So here we have an example of a non-solo sailor who is a danger to themselves and others by not knowing the rules of the road. A hove-to boat is both underway and making way:

... I know my rules.
Eleven: "Common sense is the rule of sailors, regs are for lawyers and boaters that can afford them."

Thrust and parry, sir.

Rules are the real nemesis.

I might add that the be nice rule may well cover calling me a "non-solo sailor" in this context.

There was a thread last week where the point was made that there are several types of arguments or arguers, or something. I think Nemesis' comment fits squarely in one of those types. The hove to aspect was not the issue I outlined, which was: is electronic watchkeeping "close enough for government work"? I think it is.

My actual comment BTW was: "If a solo guy is hove to and sleeping, I'm willing to say he's not underway." Emphasis added for emphasis.

This is why pyrats say: Aaarrrrgggggg!, or whatever they say.
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Old 12-04-2011, 11:29   #55
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Re: Long Distance Solo Sailing

Definitions are important to a dancer on the head of a pin.

It so seldom matters what you're willing to say; colregs would consider you underway when you're hove to IMO, my opinion in the matter holding equally little weight. Legal means something entirely different in the context of international waters and territorial waters.

So on and so forth.
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Old 12-04-2011, 11:41   #56
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Re: Singlehanding Sub Forum Possible?

Quote:
Originally Posted by tgzzzz View Post
But really there's quite a distinction here and it might be in the language. The term underway is essential. If a solo guy is hove to and sleeping, I'm willing to say he's not underway. At night in 10' seas was given as an example but I'm guessing the solo guy won't be fast asleep in 10' seas.
Whilst I am with Boatman on the subject of singlehanding. I have to correct your use of terminology.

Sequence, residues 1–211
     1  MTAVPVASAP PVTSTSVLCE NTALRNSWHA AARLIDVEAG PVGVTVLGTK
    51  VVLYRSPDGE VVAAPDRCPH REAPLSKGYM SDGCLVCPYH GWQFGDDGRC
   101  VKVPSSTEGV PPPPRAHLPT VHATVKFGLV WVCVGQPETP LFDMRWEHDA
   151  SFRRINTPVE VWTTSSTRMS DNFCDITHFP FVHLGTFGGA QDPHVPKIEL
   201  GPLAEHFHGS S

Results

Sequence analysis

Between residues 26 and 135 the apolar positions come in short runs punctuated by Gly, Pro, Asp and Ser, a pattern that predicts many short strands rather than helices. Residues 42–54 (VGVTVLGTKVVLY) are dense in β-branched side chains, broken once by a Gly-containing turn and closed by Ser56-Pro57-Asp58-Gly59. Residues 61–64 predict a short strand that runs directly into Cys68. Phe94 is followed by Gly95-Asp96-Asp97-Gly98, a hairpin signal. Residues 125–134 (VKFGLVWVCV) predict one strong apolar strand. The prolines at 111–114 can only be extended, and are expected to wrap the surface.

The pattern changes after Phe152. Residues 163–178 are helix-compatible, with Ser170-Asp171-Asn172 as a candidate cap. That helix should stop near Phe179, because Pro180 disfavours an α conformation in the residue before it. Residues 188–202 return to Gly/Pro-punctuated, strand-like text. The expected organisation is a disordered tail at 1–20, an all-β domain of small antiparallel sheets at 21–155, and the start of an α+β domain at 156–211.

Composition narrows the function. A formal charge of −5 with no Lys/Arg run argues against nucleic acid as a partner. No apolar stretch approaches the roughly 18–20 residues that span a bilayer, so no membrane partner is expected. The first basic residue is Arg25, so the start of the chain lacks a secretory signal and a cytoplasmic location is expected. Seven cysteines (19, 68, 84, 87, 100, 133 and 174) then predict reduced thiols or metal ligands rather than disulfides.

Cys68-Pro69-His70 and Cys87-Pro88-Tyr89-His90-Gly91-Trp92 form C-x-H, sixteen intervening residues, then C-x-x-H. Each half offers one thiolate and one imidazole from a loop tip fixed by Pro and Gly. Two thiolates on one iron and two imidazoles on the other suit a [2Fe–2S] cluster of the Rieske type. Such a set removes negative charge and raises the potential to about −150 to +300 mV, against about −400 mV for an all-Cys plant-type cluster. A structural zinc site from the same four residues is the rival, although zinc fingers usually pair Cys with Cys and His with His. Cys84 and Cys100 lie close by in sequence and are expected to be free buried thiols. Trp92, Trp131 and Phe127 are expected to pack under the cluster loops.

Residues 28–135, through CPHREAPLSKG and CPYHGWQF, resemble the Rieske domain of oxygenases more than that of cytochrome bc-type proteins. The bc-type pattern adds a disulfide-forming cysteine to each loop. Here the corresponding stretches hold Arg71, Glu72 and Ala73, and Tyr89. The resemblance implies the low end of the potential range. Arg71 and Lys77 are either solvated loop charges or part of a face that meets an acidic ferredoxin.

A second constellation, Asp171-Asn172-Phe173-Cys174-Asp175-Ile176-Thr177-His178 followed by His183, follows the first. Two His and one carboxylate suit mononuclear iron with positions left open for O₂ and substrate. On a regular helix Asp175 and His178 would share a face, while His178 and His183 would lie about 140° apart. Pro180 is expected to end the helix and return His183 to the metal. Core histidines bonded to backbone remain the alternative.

A boat is underway at all times when not connected to the bottom by some form of anchor or mooring, or secured alongside.

Thus even when hove to, she is still underway. If she is moving, the boat is "makingway".

Actually on my last boat, even when hove to, I was making way (about 4 kts sideways!)
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Old 12-04-2011, 11:48   #57
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Re: Long Distance Solo Sailing

Three fishermen ran aground earlier this year near Half Moon Bay, CA. They were all asleep but the vessel was on auto-pilot. Fortunately, they only hit the beach and not something else.

Soloed or crewed, ... well you know the answer.



http://abclocal.go.com/kgo/story?sec...ula&id=7884159
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Old 12-04-2011, 12:14   #58
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Re: Long Distance Solo Sailing

Have single handed for over fifty years. Have never hit or been hit by any craft. Never even close. Stay wake until off shore. Close calls -none, of course i do not consider a vessel within one quarter or a half mile from me a close call. Use AIS and radar warnings now. Ships coming to observe or "rescue" are among the greatest dangers at sea.
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Old 12-04-2011, 14:45   #59
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pirate Re: Walking the plank in sea snake infested waters

Mates, I stand corrected of imprecision of language. My actual point, however poorly made, was to draw a distinction between Boatman's example of the solo being asleep while hove to and being hit by a crewed vessel, and the solo who's asleep but on course, at speed, with one or more electronic warning systems activated.

Perhaps I am simply wrong about there being a distinction.
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Old 12-04-2011, 15:01   #60
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Re: Long Distance Solo Sailing

tgzzzz,
No harm no foul.

Public forums are some of the most opinjonated places on earth for a conversation, and this forum is one of the most civil.